The National Institute for International Education (NIIED) has changed its admission procedures for the Korean Government Scholarship Program (KGSP). A paper exam will be replaced by in-depth interviews, which will be effective this year when admissions interviews are held from June 16 to 18 for summer admission. Applications close on May 4.
The program, led by NIIED and the Ministry of Education, Science and Technology, was established in 1977 as a government led scholarship program to provide Korean graduate students with chances to study abroad.
It selects 40 recipients for each summer and winter; they each receive a $31,000 worth scholarship for two to three years, depending on the country they go to. So far, 1,999 students have benefited from the scholarship.
The program's former admission procedure was a test with two written sections: one to evaluate students' knowledge of Korean history and second-language efficiency, and another to assess students' knowledge of their major. The new interviews will be conducted by the KGSP committee to evaluate students' knowledge of their marjos and their learning attitude.
"The revised procedure aims to discover students' potential and learning enthusiasm rather than to focus on GPA," said Ahn Jeong-hyun of the International exchange training team at the NIIED.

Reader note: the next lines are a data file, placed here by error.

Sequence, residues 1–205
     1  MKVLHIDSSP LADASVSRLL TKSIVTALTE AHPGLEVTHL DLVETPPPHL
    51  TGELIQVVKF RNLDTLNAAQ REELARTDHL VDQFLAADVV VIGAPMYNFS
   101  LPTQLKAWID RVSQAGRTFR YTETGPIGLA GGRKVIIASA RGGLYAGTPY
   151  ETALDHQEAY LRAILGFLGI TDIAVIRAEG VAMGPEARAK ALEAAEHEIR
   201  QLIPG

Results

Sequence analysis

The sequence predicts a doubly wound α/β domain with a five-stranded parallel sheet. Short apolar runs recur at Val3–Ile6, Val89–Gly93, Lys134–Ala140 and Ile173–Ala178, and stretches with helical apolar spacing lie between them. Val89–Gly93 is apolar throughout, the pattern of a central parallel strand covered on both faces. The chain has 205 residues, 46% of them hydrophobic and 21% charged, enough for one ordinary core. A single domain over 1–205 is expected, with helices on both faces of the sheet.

Ahn says private scholarships like the Ilju Foundation and the Samsung Scholarship served as models for the change. Ahn said the revised procedure is revolutionary since it weighs students' potential than current grades by examining applicants' self-introductions and study proposals.
However, the change has created controversy among universities.
"Scholarship holders for the KGSP should be students of high ability. Potential is too subjective in terms of assessment," said Professor Park Jhung-soo (Public Administration) in an interview with the Chosun Ilbo.
However, some students are in favor of the KGSP's new admission system because it represents diversification in selecting scholarship students.
"Evaluating students' potential is a trend nowadays," said Chay Yoon-young (Law, 4). "Face-to-face interviews would be an efficient way to see students' true passion for learning."